I was thinking about it and came to the conclusion that dynamic tension might be less effective compared to isometrics because you are limited by the strength/output of the antagonist muscles. Say you are doing dynamic tension for a bicep curl; just squeezing the bejeezus out of your arm while you flex at the elbow. The amount of tension on the elbow flexors would be limited by the amount of tension generated by the triceps resisting flexion. If you were doing the same bicep curl by pulling up on a strap, the triceps might be inhibited, allowing the bicep to contract harder.

Is that sort of what you meant?

Exactly. I think there’s a little more to it than that, but is a pretty good explanation.

I'm having trouble understanding this for some reason. Are you saying that you are doing isos at different angles for the same muscle group/movement pattern...? Or are you sort of sliding your hands along the strap as you tense?

Using the bench example, I’m supine pushing the bar up, is anchored via strap both ends. If I position so my shoulders are just a bit higher than the anchor points, as I attempt to shift from the start point of flat bench to incline, the strap isn’t long enough. This forces the joint open a bit while using a max contraction. The muscle is lengthening slightly.

With the loop pull, holding canvas loop about naval height, pull MVC. Then push out with both hands a few inches, still MVC. This forces the pulling muscles to lengthen. This drill is as close as I get to dynamic tension, along with another very similar one done with hands held at head height. I only resort to this because the acting angles are better than what I can hit from a floor anchor. These are still a work in progress, normally I work from a floor anchor.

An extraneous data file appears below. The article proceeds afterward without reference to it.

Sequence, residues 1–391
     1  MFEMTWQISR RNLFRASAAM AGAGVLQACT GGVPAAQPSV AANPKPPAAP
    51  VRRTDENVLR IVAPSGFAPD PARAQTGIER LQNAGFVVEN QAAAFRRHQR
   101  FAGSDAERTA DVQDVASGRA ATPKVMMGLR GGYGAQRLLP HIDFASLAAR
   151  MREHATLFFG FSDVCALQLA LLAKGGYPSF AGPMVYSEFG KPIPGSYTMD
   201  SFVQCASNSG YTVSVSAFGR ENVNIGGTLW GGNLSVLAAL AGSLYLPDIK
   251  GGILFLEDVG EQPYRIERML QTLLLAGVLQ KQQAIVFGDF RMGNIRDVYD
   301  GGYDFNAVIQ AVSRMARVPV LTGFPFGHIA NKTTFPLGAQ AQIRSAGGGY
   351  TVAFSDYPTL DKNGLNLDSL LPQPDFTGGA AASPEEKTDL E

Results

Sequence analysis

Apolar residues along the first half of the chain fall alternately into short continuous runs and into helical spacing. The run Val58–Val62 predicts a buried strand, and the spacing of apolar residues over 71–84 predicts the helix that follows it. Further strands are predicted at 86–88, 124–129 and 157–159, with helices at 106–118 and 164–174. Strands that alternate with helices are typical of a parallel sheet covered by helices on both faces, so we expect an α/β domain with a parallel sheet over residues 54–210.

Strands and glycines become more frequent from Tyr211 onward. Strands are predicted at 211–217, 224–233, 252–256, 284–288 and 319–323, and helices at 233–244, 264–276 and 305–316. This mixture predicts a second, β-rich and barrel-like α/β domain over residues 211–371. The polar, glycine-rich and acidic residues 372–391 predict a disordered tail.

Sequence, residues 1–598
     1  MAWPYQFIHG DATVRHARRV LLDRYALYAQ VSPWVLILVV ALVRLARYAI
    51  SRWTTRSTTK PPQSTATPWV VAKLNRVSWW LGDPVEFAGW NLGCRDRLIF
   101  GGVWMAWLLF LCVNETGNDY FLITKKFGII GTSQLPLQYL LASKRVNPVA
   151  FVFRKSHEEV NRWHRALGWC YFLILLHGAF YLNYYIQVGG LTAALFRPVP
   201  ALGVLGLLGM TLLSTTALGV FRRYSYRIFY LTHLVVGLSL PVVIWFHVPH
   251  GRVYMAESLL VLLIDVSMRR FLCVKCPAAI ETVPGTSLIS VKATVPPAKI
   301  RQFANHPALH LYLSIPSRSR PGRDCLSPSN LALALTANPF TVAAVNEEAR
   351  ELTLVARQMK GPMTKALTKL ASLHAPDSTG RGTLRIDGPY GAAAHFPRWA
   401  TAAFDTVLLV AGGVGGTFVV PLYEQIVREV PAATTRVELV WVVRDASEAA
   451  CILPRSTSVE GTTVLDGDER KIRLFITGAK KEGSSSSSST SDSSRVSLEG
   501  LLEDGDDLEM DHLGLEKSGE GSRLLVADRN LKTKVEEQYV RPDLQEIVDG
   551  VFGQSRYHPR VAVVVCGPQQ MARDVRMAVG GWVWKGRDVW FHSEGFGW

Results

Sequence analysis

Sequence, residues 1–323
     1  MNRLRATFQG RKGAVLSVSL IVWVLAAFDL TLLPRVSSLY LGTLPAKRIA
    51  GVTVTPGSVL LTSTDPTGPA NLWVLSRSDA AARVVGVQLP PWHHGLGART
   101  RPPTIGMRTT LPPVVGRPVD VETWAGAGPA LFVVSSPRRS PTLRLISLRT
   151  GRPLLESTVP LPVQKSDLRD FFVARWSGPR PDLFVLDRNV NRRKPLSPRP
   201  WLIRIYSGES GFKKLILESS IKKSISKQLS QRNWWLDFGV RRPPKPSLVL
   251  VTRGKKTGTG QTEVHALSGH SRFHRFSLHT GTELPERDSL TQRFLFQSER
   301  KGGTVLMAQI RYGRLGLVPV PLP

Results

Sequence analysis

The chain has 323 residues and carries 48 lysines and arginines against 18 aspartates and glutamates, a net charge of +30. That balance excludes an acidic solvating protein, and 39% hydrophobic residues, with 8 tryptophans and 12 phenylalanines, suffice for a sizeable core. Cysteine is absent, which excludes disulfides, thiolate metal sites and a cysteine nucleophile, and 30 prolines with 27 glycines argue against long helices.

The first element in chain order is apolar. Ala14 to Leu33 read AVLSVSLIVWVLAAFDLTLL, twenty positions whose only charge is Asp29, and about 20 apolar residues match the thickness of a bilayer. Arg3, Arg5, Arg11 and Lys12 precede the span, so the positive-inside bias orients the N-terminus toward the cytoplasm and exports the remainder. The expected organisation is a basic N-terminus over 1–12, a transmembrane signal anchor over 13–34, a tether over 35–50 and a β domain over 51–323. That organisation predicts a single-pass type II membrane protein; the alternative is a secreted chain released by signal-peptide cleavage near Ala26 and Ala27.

Eg shoulder press, stand as military press with single strap to each hand, anchor point behind my heels a good foot or so. Leaning forward pre loads the muscles. When timer goes off, MVC while pushing up and out. This causes the body to come more upright. Drive with the legs to force the muscles to lengthen.

All of my holds incorporate some form of “isoeccentric” lengthening of the muscle. It makes a huge difference both in terms of increasing force beyond what you can do against a 100% static resistance, and providing that loaded lengthening.
 

bluejeff

Level 6 Valued Member
Exactly. I think there’s a little more to it than that, but is a pretty good explanation.



Using the bench example, I’m supine pushing the bar up, is anchored via strap both ends. If I position so my shoulders are just a bit higher than the anchor points, as I attempt to shift from the start point of flat bench to incline, the strap isn’t long enough. This forces the joint open a bit while using a max contraction. The muscle is lengthening slightly.

With the loop pull, holding canvas loop about naval height, pull MVC. Then push out with both hands a few inches, still MVC. This forces the pulling muscles to lengthen. This drill is as close as I get to dynamic tension, along with another very similar one done with hands held at head height. I only resort to this because the acting angles are better than what I can hit from a floor anchor. These are still a work in progress, normally I work from a floor anchor.